Will Terror Threaten India's Economy?

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Mahesh Kumar A / AP

A policeman looks at a damaged restaurant, one of the sites of Saturday's bomb blast in Hyderabad, India, Sunday, August 26, 2007.

Since Microsoft became the first big foreign company to set up shop in Hyderabad in 1998, the southern Indian city has emerged as an IT hub to rival the outsourcing mecca of Bangalore. Home to more than 200 IT multinationals today, its success has earned it the nickname 'Cyberabad.' But it has earned the attention of terrorists as well. On Saturday, Hyderabad was targeted for the second time in four months as two bombs filled with metal pellets detonated in crowded areas of the city, leaving at least 42 people dead and more than 60 wounded. Subsequent searches revealed as many as 19 more explosive devices strewn across the city. Authorities blamed "external agencies" for the attacks, particularly Islamic militant groups such as the Bangladesh-based Harkat ul-Jehadi Islami and the Pakistan-based Jaish-e-Mohammad and Lashkar-e-Toiba. "We are not cowed down," Home Minister Shivraj Patil said at a press conference after visiting the bombing sites, vowing to take steps to eliminate terrorism.

That may be a tall order, given that terror attacks are becoming more and more audacious. The key economic hubs of Mumbai, Bangalore and Coimbatore have all been attacked in recent years, resulting in the deaths of hundreds of people. Since 2004, The Times of India reported Monday, India has lost more lives to terrorism than any country other than Iraq.

Cross-border terrorism — blamed for most of India's recent attacks — is not the only threat to India's internal security. It also faces an armed Maoist insurgency that afflicts vast swaths of territory across 16 of its 28 states, and that Prime Minister Manmohan Singh called the country’s "single biggest challenge to internal security." In addition, several militant and insurgent outfits are active in the country's northeast. Meanwhile, the disputed territory of Kashmir remains a tinderbox of conflict six decades after independence.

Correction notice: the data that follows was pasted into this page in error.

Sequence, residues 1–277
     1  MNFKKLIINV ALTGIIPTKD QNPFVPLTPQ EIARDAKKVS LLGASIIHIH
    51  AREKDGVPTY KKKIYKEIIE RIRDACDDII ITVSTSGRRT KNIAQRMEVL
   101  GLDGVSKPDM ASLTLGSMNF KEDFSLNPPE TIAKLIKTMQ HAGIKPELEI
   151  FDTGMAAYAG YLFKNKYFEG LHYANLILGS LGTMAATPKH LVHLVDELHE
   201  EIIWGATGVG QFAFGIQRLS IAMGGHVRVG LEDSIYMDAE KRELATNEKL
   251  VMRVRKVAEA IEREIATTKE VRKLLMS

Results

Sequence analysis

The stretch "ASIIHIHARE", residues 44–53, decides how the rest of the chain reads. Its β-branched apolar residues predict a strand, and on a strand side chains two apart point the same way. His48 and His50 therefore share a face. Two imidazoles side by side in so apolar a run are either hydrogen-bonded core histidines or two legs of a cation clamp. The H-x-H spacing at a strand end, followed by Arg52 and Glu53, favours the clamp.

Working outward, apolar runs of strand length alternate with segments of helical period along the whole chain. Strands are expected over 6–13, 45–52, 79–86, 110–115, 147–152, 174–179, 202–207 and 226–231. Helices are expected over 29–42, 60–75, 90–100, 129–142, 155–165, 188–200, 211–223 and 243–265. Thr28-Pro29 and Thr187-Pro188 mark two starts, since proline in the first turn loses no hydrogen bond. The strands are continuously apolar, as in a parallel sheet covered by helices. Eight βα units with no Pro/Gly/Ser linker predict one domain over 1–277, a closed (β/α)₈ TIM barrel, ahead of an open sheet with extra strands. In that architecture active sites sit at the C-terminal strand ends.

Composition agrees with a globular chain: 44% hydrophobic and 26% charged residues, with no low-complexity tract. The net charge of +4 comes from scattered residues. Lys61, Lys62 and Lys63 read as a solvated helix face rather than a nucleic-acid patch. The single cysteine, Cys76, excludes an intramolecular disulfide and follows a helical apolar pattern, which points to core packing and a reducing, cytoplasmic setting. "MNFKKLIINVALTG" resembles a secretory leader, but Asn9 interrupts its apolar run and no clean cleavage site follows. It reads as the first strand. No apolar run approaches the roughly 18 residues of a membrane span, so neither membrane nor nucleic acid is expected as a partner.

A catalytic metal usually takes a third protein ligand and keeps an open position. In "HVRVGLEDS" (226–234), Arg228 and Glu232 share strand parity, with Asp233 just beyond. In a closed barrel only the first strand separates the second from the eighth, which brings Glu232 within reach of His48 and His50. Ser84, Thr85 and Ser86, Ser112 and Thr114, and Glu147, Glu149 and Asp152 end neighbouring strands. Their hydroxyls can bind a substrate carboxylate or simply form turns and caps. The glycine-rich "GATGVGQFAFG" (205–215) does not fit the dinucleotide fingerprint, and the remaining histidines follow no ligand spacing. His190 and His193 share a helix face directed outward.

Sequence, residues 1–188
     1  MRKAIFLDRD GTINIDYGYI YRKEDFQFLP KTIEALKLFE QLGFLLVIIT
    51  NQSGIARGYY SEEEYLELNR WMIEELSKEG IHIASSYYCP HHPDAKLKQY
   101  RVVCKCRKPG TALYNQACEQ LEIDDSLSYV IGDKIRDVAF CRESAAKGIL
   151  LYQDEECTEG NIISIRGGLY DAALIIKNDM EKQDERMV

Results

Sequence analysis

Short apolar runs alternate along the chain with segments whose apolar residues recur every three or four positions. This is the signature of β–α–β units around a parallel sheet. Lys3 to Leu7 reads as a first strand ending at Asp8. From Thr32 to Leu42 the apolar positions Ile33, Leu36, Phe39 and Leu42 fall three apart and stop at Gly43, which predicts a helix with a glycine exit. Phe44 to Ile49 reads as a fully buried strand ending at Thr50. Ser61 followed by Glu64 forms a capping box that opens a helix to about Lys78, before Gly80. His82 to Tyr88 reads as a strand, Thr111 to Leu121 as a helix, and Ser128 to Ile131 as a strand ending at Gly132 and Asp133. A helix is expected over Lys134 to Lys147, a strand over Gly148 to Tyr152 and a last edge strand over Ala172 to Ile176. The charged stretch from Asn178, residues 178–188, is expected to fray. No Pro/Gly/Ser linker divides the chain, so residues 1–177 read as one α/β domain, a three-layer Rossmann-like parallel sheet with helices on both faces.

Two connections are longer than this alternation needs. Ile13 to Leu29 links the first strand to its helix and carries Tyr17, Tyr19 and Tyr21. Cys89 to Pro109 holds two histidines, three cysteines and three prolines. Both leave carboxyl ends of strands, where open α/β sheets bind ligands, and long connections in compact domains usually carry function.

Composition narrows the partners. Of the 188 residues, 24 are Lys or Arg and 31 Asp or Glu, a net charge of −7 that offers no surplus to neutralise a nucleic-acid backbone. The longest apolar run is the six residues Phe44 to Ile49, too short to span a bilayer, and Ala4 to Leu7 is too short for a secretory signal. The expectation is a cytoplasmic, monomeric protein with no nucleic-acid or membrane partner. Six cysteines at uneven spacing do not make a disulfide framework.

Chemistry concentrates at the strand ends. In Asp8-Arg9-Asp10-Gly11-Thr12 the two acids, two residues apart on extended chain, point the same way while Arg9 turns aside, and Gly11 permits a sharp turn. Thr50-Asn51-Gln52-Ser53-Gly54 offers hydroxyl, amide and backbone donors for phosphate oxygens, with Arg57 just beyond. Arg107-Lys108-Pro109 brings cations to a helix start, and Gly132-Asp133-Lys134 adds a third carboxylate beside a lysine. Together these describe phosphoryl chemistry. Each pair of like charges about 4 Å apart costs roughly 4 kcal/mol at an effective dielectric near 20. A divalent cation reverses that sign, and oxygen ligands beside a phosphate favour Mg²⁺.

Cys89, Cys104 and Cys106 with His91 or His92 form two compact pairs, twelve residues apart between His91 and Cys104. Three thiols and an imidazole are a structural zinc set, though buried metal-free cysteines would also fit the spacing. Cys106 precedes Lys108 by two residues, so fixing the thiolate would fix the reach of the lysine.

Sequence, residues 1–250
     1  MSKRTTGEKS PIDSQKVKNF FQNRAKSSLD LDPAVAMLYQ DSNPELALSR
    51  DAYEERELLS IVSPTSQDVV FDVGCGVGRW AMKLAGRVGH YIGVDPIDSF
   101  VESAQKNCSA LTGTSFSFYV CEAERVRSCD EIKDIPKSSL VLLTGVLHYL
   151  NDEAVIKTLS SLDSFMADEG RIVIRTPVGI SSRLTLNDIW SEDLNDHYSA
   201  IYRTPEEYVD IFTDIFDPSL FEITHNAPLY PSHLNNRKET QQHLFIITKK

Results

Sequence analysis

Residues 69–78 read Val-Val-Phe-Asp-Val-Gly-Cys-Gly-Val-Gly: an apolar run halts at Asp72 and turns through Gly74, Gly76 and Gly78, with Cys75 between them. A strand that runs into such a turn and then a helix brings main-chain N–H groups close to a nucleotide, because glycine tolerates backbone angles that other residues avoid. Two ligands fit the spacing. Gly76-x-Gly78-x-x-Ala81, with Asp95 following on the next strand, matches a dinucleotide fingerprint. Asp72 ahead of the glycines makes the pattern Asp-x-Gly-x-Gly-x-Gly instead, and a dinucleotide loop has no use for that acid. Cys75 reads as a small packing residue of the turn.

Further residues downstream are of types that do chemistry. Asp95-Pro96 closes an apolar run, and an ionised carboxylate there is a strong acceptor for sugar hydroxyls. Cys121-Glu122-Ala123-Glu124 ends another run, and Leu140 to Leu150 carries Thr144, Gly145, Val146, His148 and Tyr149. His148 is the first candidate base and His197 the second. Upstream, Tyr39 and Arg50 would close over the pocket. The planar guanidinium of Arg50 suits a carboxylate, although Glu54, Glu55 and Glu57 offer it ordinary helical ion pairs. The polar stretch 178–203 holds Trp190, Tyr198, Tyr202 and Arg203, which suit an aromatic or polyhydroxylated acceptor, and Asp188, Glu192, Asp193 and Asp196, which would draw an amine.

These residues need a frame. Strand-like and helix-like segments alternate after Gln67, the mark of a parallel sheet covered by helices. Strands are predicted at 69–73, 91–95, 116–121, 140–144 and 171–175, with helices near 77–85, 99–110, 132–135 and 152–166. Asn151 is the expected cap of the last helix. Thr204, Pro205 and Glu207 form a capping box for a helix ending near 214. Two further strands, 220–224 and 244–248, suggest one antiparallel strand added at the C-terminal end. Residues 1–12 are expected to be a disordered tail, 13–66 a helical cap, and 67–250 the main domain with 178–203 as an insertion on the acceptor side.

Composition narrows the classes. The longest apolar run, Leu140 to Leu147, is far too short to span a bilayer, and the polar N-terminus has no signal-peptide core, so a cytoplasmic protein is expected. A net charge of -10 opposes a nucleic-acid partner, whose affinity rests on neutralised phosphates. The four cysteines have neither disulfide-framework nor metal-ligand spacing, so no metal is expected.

But India's grim security situation hasn't hindered its growth. Since 2004 — the same period considered in The Times of India's terror report — India's economy has grown by more than 8% a year, among the fastest rates in the world. The country's benchmark Sensex stock index actually rose in the days following the blasts, its growth unchecked by the disaster. "The fundamentals of the economy are strong, and there is a high degree of resilience," says Viren Mehta, Mumbai-based partner at the financial services arm of accounting giant Ernst & Young.

In fact, the high-risk, high-return nature of India's economy is part of the reason many foreign investors are here in the first place. "Investors have come in and stayed after factoring in the security problem," says Soumitra Choudhury, economic advisor at ICRA, an associate of Moody's Investors Service. "I don't think small-scale attacks will affect growth in the long run."

Security experts do not share this optimism. Ajai Sahni, executive director of the Institute for Conflict Management, points out that India has invested dangerously little in its internal security apparatus. "India is one of the most under-policed states in the world," he says, "the U.N. norm is for 222 police personnel for every 100,000 people. In India, it is 122 for 100,000. Moreover, rural policing has almost collapsed, so that those targeting cities are able to use rural bases without fear."

Terrorists, meanwhile, have stayed ahead of the law enforcement agencies, adopting ever more sophisticated methods and equipment. The Hyderabad bombers apparently used Neogel-90, a high-intensity commercial explosive, which needs a high degree of skill to handle and has not been used in terror attacks in India before. Most recent attacks have been the joint handiwork of several terror outfits, with a complex and highly staggered chain of command, which makes detection difficult.

The security situation might well prevent the benefits of India's economic boom from reaching its less developed parts. Retired Brigadier B.K. Ponwar, who heads the Counter-Insurgency and Jungle Warfare College in the eastern state of Chhattisgarh, points out that vast areas of the country are unable to attract investment due to various security threats. "Chhattisgarh has a wealth of mineral resources, but who wants to go there?" he asks. "The tea and oil industries in the northeast are barely limping along." Even in its wealthiest cities, India's poor can still bear the cost of its security lapses. "It is usually the poor who get killed in terrorist incidents, and the value of their lives is marginal," says Sahni. "That is why there is no effect on politics, economy or governance."